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Archive for the ‘Helen Jones-Florio’ tag

Guinea to Gambia the Hard Way

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Guest blogger: Jason Florio

Follow Jason on Twitter at @floriophotoNYC

See Jason’s online portfolio here

New York- I’ve known photographer Jason Florio for nearly a dozen years now. Our paths have had this dramatic before-and-after symmetry. Jason shot in northern Afghanistan just before 9/11, I just after. He shot in Baghdad just before it fell, I, again, just after. Jason was in Lebanon not long before the most recent Israeli invasion, me during it in summer 2006. Jason traversed Libya when Qadaffi’s rule was unwavering, I as it was falling to pieces.

Below is an except from Jason and his wife Helen’s most recent adventure along the River Gambia beginning in Afrique l’Ouest (Francophone West Africa) and ending in the Anglophone sliver that is Gambia where Jason has been traveling for many years now. Enjoy!

“The River Gambia is one of Africa’s last major free-flowing rivers, starting as a mere trickle from under a rock in the Fouta Djallon highlands of Guinea. It meanders through the gold-rich land of south east Senegal, and through the length of The Republic of The Gambia (the country is named after the river) and enters the Atlantic Ocean having coursed it’s way for over 1100km(approx. 685 miles)  and broadened to 14km wide. Plans are afoot to build a hydroelectric dam on the river on the Senegal-Guinea border.

The dam would bring much needed power to a dark region, but would displace ancient villages, change the natural flow of the river, drastically effect the fragile eco system. The reduced flow would create greater salinity in the river further upstream, severely impacting the lives of villagers whose very survival is based on crop irrigation by the river. Documentary photographer Jason Florio, and his wife, writer/producer Helen Jones-Florio, accompanied by two Gambian fishermen followed the river for two months by canoe and motorcycle from source-to-sea.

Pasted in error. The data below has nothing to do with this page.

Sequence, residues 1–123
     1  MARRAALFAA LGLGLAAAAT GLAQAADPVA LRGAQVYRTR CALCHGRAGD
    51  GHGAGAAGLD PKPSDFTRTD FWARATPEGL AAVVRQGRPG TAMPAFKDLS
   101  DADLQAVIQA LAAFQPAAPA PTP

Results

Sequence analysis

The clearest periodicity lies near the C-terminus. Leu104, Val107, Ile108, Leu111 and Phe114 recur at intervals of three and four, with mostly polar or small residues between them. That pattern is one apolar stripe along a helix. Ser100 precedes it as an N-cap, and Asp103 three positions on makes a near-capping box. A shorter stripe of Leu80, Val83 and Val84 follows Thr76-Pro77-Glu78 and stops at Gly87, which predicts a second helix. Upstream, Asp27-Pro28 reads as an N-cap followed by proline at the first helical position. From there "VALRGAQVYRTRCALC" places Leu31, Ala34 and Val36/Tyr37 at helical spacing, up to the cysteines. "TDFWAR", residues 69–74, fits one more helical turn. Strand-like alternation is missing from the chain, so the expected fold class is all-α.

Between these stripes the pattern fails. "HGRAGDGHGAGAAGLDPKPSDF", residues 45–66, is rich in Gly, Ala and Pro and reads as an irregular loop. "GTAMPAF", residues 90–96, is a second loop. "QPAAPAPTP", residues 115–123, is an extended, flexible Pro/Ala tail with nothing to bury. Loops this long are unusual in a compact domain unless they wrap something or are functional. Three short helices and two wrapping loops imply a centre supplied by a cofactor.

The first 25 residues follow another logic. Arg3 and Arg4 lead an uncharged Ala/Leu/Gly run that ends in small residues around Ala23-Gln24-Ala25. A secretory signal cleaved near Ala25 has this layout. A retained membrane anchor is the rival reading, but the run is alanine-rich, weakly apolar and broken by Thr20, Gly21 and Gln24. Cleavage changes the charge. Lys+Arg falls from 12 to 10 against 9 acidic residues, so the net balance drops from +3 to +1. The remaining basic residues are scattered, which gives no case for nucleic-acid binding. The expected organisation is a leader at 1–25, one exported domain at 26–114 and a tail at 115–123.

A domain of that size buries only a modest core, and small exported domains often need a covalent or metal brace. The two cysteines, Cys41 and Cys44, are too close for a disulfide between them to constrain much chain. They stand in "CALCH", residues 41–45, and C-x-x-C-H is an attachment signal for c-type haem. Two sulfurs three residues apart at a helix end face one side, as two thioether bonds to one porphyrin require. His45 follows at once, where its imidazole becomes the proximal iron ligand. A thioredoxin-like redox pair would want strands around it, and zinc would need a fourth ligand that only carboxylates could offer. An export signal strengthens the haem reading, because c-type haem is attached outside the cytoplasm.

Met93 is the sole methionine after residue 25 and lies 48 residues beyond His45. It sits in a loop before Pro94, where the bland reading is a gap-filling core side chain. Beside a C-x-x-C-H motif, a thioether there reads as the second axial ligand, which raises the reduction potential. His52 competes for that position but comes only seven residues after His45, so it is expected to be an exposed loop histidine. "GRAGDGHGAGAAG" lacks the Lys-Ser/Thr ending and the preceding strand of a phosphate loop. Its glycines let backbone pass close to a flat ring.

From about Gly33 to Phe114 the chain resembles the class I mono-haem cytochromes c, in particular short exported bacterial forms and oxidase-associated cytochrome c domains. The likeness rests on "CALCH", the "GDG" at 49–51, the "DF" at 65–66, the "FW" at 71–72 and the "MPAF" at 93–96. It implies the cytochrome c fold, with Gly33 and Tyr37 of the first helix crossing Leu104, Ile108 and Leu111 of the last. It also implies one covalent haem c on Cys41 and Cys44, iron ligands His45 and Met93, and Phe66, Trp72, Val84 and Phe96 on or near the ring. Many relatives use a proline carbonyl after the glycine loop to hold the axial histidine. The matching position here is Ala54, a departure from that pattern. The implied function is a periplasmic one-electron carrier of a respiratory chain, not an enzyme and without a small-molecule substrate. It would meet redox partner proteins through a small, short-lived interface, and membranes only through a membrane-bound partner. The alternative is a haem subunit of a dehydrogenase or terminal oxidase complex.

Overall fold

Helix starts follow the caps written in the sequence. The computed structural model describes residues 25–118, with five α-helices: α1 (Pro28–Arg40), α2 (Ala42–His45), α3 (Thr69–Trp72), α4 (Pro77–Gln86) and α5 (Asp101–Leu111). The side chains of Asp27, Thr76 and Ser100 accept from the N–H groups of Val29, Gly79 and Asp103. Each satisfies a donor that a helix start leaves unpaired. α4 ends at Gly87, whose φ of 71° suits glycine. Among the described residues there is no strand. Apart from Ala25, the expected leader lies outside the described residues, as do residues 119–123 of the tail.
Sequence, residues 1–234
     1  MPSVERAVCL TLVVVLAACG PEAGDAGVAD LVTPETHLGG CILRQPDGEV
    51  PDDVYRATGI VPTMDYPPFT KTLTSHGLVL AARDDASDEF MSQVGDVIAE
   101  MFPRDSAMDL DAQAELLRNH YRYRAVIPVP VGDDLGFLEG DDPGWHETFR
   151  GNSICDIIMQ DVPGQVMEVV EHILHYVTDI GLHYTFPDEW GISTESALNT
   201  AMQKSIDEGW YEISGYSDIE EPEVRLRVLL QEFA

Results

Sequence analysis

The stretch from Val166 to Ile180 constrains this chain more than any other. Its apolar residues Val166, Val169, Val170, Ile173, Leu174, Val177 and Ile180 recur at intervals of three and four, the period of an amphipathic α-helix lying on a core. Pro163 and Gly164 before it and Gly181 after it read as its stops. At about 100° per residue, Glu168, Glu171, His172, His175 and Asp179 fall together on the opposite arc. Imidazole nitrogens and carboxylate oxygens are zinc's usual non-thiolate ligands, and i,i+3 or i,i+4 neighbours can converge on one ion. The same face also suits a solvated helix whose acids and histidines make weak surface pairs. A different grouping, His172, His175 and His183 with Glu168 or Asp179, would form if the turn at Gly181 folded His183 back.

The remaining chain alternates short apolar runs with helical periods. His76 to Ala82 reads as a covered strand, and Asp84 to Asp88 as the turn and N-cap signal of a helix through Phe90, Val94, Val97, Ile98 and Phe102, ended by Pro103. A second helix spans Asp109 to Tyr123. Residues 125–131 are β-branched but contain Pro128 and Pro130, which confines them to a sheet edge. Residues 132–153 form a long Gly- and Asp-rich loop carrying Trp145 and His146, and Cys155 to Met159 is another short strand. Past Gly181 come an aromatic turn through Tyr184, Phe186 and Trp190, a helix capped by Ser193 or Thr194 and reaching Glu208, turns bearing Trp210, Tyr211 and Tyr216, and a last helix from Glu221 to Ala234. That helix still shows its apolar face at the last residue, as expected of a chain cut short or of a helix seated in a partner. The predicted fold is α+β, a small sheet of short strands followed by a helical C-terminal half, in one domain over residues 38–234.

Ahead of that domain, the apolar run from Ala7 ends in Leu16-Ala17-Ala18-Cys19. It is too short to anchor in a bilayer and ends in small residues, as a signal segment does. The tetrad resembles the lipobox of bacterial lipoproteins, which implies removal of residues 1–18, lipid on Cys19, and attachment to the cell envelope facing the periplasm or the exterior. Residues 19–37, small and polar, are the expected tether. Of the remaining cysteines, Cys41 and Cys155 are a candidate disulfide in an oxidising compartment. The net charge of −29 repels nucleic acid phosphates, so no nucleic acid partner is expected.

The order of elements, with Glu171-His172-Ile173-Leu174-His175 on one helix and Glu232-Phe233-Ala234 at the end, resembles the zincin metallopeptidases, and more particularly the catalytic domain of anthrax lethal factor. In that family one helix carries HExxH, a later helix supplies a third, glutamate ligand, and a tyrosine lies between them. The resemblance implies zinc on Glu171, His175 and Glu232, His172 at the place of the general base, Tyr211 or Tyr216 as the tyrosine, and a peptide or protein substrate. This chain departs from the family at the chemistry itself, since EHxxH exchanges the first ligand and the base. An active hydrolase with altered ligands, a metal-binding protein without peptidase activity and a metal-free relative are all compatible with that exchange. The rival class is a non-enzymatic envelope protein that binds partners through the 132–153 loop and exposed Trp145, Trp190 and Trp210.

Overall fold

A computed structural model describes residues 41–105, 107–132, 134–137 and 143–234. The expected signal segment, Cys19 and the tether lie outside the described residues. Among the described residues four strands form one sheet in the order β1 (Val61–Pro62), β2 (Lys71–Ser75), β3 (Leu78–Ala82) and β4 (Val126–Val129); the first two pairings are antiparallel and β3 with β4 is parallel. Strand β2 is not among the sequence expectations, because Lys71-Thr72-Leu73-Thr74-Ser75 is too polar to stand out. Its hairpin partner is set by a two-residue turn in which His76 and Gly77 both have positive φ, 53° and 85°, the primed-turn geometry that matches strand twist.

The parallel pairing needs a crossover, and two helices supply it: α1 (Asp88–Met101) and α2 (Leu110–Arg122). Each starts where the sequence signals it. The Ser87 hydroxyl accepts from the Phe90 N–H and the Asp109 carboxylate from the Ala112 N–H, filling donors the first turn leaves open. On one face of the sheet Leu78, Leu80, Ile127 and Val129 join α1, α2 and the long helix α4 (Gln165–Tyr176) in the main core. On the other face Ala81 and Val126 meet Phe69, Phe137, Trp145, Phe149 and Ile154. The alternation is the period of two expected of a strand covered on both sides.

Traveling in-part in the footsteps of 19th century explorers to the region including Mungo Park and Gaspard Mollien, their aim was to create a modern day account of the people and communities along the length of the river, before the dam stops its natural course forever.”

Fula tribesmen with swimming horses Jan 5th 2012 - 7.54am  - We spent a peaceful night at Karantaba village with the spirit of Mungo Park sharing the warmth and companionship of our fire. Scottish explorer, Park had based at Karantaba in 1795 and 1805, before setting off on two journeys to find the Niger River and ultimately where it met the Atlantic Ocean. Park found the river on his first journey, but died on the second after being ambushed by locals while on the river. In the morning I saw a small ‘barra’ (ferry) being oared across the river and next to it were two horses swimming. I ran to the edge of the water just as they were emerging and made the photograph. The horses belonged to two Fula tribesmen who were heading to a local market to sell their harvest of ground-nuts. The horses being used to pull their ‘‘seretto’  or horse-cart.

Fula tribesmen with swimming horses